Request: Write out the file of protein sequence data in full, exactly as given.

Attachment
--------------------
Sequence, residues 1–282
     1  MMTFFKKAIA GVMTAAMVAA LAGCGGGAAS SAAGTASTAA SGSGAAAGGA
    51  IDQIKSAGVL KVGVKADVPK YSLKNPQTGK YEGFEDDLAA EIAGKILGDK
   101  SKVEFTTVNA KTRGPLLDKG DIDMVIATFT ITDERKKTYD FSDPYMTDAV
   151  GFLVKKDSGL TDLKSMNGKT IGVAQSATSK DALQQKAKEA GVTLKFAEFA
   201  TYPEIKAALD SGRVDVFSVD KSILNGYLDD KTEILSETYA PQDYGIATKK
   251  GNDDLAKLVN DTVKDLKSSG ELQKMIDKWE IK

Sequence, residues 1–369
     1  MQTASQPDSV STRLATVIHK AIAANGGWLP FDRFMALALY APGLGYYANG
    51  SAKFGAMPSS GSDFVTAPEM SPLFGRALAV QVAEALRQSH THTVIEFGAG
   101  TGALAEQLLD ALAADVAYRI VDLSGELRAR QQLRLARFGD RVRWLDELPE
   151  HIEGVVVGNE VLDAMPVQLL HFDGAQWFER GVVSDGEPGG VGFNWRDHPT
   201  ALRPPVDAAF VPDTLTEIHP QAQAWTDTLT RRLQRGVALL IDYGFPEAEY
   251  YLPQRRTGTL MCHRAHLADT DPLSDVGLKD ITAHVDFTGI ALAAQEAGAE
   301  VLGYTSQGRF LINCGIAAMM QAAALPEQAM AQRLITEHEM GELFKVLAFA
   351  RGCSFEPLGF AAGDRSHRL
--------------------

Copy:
Sequence, residues 1–282
     1  MMTFFKKAIA GVMTAAMVAA LAGCGGGAAS SAAGTASTAA SGSGAAAGGA
    51  IDQIKSAGVL KVGVKADVPK YSLKNPQTGK YEGFEDDLAA EIAGKILGDK
   101  SKVEFTTVNA KTRGPLLDKG DIDMVIATFT ITDERKKTYD FSDPYMTDAV
   151  GFLVKKDSGL TDLKSMNGKT IGVAQSATSK DALQQKAKEA GVTLKFAEFA
   201  TYPEIKAALD SGRVDVFSVD KSILNGYLDD KTEILSETYA PQDYGIATKK
   251  GNDDLAKLVN DTVKDLKSSG ELQKMIDKWE IK

Sequence, residues 1–369
     1  MQTASQPDSV STRLATVIHK AIAANGGWLP FDRFMALALY APGLGYYANG
    51  SAKFGAMPSS GSDFVTAPEM SPLFGRALAV QVAEALRQSH THTVIEFGAG
   101  TGALAEQLLD ALAADVAYRI VDLSGELRAR QQLRLARFGD RVRWLDELPE
   151  HIEGVVVGNE VLDAMPVQLL HFDGAQWFER GVVSDGEPGG VGFNWRDHPT
   201  ALRPPVDAAF VPDTLTEIHP QAQAWTDTLT RRLQRGVALL IDYGFPEAEY
   251  YLPQRRTGTL MCHRAHLADT DPLSDVGLKD ITAHVDFTGI ALAAQEAGAE
   301  VLGYTSQGRF LINCGIAAMM QAAALPEQAM AQRLITEHEM GELFKVLAFA
   351  RGCSFEPLGF AAGDRSHRL